Brlog

Church of Saint Savabuilt in 1740. Under State protection as a Monument of cultural significance. Inventory destroyed in 1995. (Report according to the monograph Ranjena crkva u Hrvatskoj, Zagreb 1996, pg. 416) The entire interior damaged by fire. (Report MNo. 69/97 of 14 March 1997)

 

Buvaca

Church of the Holy Apostles Peter and Paulbuilt in 1800, damaged (19411945). Following World War II church was repaired. "In 1991 the windows were broken and the roof damaged by shells and detonations." (Report of 6 March 1993) Church stands open and totally demolished, everything destroyed. Bell in place. (Report MNo. 98/97 of 16 April 1997)

 

Buzeta

 

   

Church of Saint Elijah the Prophetbuilt in 1740 of wood, oldest wooden church in Banija. Renovation begun before the war (1991) but not completed. Icons from the iconostasis dismantled for restoration but not removed. Church burnt down by the Muslim army in August 1995. Icons, liturgical items, books incinerated. Parish Home also burnt down by the Muslim army in August 1995.

 

Velika Popina

Church of Saint Elijah – according to unverified reports destroyed (19911995).

 

 

 

Veljun

 

Church (chapel) of the Transfiguration of the Lord – in the temporary Residence of the Bishop of Gornji Karlovac, broken into and looted by Croats in August 1995. The iconostasis forcibly torn from the walls and thrown in the middle of the Chapel. The Residence (temporary) of the Bishop of Gornji Karlovac pillaged and devastated by Croats in August 1995. Tombstones written in the Cyrillic alphabet in the village graveyard smashed (around 8 in number). Village plundered and partly burned down. In 1995 the Parish of Veljun numbered 450 homes, while now 75 souls live there now. (Report MNo. 98/97 of 16 April 1997)

 

Vlahovic

Church of Saint Elijah the Prophetbuilt in the 18th century. Broken into and looted by Croats in August 1995.

 

Glavace

Church of Saint Petkabuilt in 1784, damaged in the Second World War. Following World War II repaired. "In the Autumn of 1991, while this territory was under the control of the forces of the National Guard and Ministry of Internal Affairs of Croatia, the church was damaged." (Report of 6 March 1993)

 

Glina

 

Church of the Nativity of the Most Holy Theotokosbuilt in the mid-18th century; renovated several times in the 19th century. In 1941, destroyed by Croat Ustashas. Following the war a new church was built; shelled (right apse hit), looted and devastated by Croats in August 1995. Parish Home broken into and looted in August 1995; Memorial plaque smashed.

 

Glinska Poljana

Church of the Ascension of the Lordbuilt in 1806. Taken over by the Roman Catholics and local Orthodox faithful forcibly converted (19411945). Church archives and service books burnt at that time. Following World War II building returned to the Serbian Orthodox Church. Church dynamited together with inventory of religious and artistic value on 8 and 9 October 1991; completely destroyed. Parish Home completely destroyed (19911993).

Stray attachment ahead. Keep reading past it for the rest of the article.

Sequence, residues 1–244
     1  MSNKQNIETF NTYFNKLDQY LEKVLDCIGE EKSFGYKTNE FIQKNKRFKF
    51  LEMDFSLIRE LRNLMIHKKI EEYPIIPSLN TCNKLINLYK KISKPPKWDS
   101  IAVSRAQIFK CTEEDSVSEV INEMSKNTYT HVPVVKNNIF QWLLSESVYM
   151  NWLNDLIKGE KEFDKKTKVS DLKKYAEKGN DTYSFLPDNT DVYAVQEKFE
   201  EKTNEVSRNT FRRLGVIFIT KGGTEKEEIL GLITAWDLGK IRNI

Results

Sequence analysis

Gornje Dubrave (near Ogulin)

Church of Saint Paraskeva (Petka) – damaged by Croatian army in 1992. Lighting rod, cross, and roof on belltower damaged by shotgun fire. Interior shot up. Western doors and windows destroyed. Graveyard desecrated.

 

Gornji Skrad

Church of Saint Prince Lazarbuilt in 1932, looted and devastated. (Report MNo. 98/97 of 16 April 1997)

 

Gospic

Church of Saint Georgebuilt in 1785. Set afire by the Ustashas (19411945). Iconostasis destroyed, together with church inventory, furnishings and service books. A great number of Serbs put to death inside the church by the Ustashas. New church built on same location in 1964. Destroyed, entire church inventory destroyed (19911993). Parish Home destroyed (19911993).

 

Dvor na Uni

Church of Greatmartyr Saint Georgeburglarized (19911995). Parish Home heavily damaged, destroyed in August 1995.

 

Donji Budacki

Church of the Holy Apostles Peter and Paulset afire during the Second World War; new church built in 1963; broken into and plundered by Croats in 1995. Parish Home broken into and looted by Croats in 1995.

 

Dragotina (near Glina)

Church of the Dormition of the Most Holy Theotokosburnt down during the Second World War; forcibly entered in August 1995.

 

Dubica

Church of the Descent of the Holy Spiritbuilt in 1805. Destroyed by the Ustashas (19411945). New church built in 1972. Damaged (19911993); broken into and inventory damaged. (Report No. 178/97 of 9 June 1997) Parish Home demolished (19911993); damaged to a great extent together with inventory, archives and library. (Report No. 178/97 of 9 June 1997)

 

Zivaja

Church of Saint Elijahbuilt in 1885, destroyed in 1941. Reconstruction begun in 1989. "The belltower was destroyed, the bell remains amid the ruins. The church itself is closed and locked on the North side, while the door on the East is open and damaged. Icons, liturgical books and vestments are scattered around the Sanctuary. A large number of undamaged icons remain on the iconostasis. The window panes are broken. The interior contains construction matérial for planned renovation. (Report of the Government of the Republic of Croatia, Ministry of Internal Affairs, Zagreb 1 April 1996). According to a report dated 24 September 1997 the church was dynamited.

 

Josavica

Church of Greatmartyr Saint Georgebuilt in 1777. Damaged in the Second World War. Renovated in 1968. Church hit with shells, icons from the iconostasis stolen in 1996

 

Kolaric